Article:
Last updated: 24.05.16

Restaurant owner jailed over allergy death

The importance of food hygiene and allergy training courses has been brought to light following the death of a restaurant customer who suffered an allergic reaction to a curry. 

Mohammed Zaman, the restaurant owner of the Indian Garden in Easingwold in North Yorkshire, was found guilty of manslaughter and will be jailed for six years.

According to the BBC, the court heard that Mr Zaman had been cutting corners when it came to the food served at the restaurant by using cheaper ingredients that contained peanuts.

Training courses and e-learning surrounding food allergies could be crucial to those working within the food and catering industry, by helping to save lives and create a broad and in-depth understanding of the matter by exploring the practical things which need to be considered to keep consumers safe.

Food Allergy Awareness Training courses can raise understanding of the impact for those consumers who are allergic to a particular food or ingredient and how to ensure consumers are well informed about their food choices.

In a landmark trial, although Mr Zaman denied the responsibility of the death of the customer who suffered severe anaphylactic shock, the jury believed otherwise.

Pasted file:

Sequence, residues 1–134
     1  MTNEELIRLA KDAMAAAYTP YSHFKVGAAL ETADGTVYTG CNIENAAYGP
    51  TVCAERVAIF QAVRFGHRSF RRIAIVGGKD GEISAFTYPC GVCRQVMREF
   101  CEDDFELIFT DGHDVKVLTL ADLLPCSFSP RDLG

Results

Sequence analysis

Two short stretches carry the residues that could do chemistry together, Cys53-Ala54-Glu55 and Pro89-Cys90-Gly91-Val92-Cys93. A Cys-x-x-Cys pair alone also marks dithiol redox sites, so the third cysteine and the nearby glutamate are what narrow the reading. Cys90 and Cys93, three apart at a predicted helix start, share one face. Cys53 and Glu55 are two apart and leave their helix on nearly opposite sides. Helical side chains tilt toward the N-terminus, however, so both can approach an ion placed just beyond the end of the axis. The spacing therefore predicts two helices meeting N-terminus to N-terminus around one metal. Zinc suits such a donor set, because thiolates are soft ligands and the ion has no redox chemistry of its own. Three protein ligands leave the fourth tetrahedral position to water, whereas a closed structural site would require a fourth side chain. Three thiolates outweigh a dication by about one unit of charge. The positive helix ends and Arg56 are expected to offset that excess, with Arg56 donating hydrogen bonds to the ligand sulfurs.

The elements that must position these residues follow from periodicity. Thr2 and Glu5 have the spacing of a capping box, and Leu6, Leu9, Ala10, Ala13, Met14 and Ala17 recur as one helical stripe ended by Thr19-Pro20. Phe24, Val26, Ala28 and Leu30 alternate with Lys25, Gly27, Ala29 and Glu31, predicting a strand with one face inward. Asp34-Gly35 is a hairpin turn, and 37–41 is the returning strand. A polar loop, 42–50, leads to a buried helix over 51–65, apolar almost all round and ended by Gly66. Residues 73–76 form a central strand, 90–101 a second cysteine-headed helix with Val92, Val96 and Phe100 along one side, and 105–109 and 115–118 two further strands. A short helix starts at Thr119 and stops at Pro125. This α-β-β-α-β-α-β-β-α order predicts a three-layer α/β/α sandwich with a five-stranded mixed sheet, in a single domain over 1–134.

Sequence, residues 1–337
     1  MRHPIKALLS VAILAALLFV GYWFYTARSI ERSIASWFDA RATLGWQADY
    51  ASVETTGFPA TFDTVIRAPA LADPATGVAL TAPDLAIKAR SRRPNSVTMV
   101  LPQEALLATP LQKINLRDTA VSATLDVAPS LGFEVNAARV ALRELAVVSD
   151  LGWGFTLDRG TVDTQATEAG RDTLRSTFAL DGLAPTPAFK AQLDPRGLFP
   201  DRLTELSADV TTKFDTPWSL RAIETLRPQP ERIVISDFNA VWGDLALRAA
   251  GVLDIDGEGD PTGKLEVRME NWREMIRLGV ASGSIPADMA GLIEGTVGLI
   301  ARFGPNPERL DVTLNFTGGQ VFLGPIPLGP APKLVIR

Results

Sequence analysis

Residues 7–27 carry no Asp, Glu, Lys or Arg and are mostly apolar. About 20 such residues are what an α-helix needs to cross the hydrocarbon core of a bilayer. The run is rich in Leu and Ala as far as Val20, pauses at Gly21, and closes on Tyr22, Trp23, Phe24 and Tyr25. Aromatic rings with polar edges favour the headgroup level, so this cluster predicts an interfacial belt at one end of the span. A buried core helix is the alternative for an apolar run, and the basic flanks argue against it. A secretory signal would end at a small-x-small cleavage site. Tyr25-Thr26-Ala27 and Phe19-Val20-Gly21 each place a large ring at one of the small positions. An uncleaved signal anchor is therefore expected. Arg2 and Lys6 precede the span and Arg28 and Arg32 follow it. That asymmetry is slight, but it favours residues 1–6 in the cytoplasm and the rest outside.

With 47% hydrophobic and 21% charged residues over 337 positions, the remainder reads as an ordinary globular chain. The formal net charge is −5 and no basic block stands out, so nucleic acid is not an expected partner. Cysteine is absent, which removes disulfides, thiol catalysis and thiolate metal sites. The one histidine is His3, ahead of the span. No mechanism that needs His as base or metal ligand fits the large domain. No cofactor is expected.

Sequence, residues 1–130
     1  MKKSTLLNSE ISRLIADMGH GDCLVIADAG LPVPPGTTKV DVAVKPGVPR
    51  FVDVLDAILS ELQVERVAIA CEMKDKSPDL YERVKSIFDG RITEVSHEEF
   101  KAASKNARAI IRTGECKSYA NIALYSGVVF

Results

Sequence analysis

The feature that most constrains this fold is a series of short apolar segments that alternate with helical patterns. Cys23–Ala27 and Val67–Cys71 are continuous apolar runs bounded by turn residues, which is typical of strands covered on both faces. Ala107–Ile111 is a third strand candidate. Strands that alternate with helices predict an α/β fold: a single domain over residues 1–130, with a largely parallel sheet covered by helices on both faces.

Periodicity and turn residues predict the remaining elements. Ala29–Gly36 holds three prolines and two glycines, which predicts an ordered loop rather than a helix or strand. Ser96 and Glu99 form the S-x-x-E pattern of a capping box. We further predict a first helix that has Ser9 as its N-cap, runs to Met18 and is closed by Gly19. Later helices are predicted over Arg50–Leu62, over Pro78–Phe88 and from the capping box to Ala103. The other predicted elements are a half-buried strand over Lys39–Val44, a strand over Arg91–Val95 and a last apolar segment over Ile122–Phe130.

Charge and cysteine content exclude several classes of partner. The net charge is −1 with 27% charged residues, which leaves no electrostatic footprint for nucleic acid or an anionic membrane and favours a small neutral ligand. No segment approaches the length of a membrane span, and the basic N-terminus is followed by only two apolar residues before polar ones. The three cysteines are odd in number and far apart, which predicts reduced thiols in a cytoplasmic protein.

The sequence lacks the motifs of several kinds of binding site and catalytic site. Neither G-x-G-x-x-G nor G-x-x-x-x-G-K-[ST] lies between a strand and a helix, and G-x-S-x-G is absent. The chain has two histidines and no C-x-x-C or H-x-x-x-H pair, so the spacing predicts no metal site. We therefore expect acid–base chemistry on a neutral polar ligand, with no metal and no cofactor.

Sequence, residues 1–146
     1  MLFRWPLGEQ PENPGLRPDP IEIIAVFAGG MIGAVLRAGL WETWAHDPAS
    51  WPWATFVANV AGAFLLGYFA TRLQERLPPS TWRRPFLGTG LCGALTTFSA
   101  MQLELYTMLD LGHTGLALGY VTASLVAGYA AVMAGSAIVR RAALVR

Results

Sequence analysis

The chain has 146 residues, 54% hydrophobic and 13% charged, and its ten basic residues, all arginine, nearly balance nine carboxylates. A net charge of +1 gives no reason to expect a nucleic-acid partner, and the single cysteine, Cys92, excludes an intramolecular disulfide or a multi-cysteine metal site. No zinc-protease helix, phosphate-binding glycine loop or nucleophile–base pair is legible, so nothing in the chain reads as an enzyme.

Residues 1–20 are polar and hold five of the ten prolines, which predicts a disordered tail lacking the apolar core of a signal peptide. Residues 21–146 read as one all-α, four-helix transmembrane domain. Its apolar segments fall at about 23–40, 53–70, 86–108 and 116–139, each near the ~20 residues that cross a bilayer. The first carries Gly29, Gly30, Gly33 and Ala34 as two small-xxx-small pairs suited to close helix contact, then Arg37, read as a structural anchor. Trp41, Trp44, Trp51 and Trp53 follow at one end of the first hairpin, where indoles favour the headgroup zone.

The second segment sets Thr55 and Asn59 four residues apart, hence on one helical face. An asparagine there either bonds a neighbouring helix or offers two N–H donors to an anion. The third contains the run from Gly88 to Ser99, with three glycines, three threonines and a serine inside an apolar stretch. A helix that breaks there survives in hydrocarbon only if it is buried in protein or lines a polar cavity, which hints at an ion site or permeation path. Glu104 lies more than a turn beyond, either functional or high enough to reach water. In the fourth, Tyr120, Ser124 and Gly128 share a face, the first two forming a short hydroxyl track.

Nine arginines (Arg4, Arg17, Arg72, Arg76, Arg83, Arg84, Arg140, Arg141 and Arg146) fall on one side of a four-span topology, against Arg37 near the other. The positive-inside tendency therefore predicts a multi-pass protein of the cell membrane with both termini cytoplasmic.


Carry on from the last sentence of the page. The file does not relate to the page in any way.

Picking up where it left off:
Victim Paul Wilson, also from North Yorkshire, specifically asked for his meal to contain no nuts when ordering, which was also written as an instruction on his order on the lid of his takeaway.

Mr Wilson’s death came following another allergy incident three weeks before, where a customer bought a meal from one of Mr Zaman’s six restaurants and had a reaction which required hospital treatment.

It was believed that the restaurant owner had a "reckless and cavalier attitude to risk" and "put profit before safety".

Mr Zaman was found guilty of the death by gross negligence and six food safety offences. It was also revealed that he was in £300,000 in debt and tried to reduce costs by using cheaper nut power and by employing untrained and illegal workers.

It is hoped that this case will set a precedent for the rest of the food industry. 

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